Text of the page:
Matthew Pearson

The Death Of The Writer - Poem by Matthew Pearson

through the gaping, cracked, mourning
a finch’s pulse ceased. Salzburg never was
so distant before. In her hands, charcoal
sketchings. Long, nicotine stained depictions
of the man who stumbled. Growing up
in that house, even the shadows stumbled.
Piano recitals with a cane to correct errant
fingers. Aged, unsurprised, still unstuck,
too many trapdoors to fall through.

Comments about The Death Of The Writer by Matthew Pearson

  • (1/20/2008 5:43:00 PM)

    It's such a pleasure to encounter a mind at work...very effectively integrated and concentrated intellect and emotion........ (Report) Reply

    0 person liked.
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  • (7/22/2006 4:02:00 PM)

    Here's a mini movie of a poem. Impressed. (Report) Reply

  • (6/8/2006 5:11:00 AM)

    This is a nice structured piece, Matthew. The imagery is good and though there is a sense of gloom there is also a strong feeling of detatchment from the narrator.

    One part ('Piano recitals with a cane to correct errant / fingers...') reminded me of the film 'A Star Is Born' yet that does not detract.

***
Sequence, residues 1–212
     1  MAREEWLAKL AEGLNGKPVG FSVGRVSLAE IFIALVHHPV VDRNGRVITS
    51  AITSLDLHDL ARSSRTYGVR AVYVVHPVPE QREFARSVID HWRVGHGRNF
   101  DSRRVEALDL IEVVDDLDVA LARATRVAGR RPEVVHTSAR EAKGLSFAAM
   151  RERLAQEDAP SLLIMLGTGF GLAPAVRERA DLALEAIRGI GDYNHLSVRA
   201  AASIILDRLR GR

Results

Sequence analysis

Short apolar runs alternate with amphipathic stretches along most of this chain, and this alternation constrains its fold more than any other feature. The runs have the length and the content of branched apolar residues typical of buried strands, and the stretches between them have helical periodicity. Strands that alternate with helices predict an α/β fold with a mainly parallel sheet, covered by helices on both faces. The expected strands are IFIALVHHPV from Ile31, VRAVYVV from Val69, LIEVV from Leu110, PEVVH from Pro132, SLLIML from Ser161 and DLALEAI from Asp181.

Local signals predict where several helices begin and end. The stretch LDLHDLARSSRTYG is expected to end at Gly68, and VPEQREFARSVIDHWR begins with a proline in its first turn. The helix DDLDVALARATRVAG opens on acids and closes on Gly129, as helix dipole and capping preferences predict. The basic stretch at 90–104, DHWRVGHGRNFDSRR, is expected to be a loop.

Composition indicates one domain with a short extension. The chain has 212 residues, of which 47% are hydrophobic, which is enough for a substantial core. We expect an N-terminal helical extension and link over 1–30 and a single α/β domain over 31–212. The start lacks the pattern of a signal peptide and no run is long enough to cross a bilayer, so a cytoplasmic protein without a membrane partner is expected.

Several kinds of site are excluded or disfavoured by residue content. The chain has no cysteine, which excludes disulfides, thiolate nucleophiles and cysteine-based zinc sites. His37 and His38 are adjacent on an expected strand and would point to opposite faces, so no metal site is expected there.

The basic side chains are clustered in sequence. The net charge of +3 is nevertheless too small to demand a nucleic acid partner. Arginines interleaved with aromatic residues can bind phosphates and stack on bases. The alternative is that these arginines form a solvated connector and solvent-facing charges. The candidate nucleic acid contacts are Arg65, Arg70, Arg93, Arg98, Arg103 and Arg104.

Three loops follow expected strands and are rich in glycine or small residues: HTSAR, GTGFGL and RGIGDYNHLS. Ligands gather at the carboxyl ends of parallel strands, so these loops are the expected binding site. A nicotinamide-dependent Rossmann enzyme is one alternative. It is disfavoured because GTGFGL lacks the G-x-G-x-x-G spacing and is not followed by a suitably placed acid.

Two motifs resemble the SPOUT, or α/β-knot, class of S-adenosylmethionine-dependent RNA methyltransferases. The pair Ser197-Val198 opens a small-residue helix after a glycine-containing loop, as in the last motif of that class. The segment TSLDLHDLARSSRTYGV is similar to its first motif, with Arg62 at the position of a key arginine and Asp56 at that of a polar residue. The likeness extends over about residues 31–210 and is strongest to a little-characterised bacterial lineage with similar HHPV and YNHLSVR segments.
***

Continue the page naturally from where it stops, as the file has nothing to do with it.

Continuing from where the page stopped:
A well paced and structured work.
    (Report) Reply

  • (4/30/2006 6:49:00 AM)

    Yes, about your own standard, Lamont. (Report) Reply

  • (4/29/2006 12:58:00 AM)

    Evocative, tight, and powerful. Nicely done. -LP (Report) Reply

  • (4/28/2006 10:20:00 AM)

    I have read this several times, Matthew and felt that it might more correctly be called The Birth of the Writer, for out of sorror and fear poets, musicians, and artists are born. This is really heart-wrenching and lovely.

    (Report) Reply

  • (4/28/2006 8:58:00 AM)

    This poem reminds me very much of my childhood....and I'm not even sure why. We never had a piano... so it's not that image. I think it's the overall feeling of sadness and fear mixed with sickening visuals that stick in your head the stains of nicotene. I think this was a wonderful poem. Sincerely, Mary (Report) Reply

  • (4/28/2006 7:26:00 AM)

    If this is a poem worth commenting on, you could have fooled me.
    It smacks of Carter's style but can't stand on its own feet.A 5
    (Report) Reply

  • (4/27/2006 11:35:00 PM)

    Matthew, I am not sure I understand everything this poem is about, but I like the style. I like the imagery of in her hands, charcoal sketchings, nicotene stained depictions of the man who stumbled. I especially like the line, 'Growing up in that house, even the shadows stumbled.' I like the title. The poem has a nice feel to it when I read it out loud. There is definitely a cruel sorrow in the house. There has to be with a cane to correct errant fingers at the piano. (Report) Reply

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Poem Submitted: Thursday, April 27, 2006

Poem Edited: Sunday, April 30, 2006

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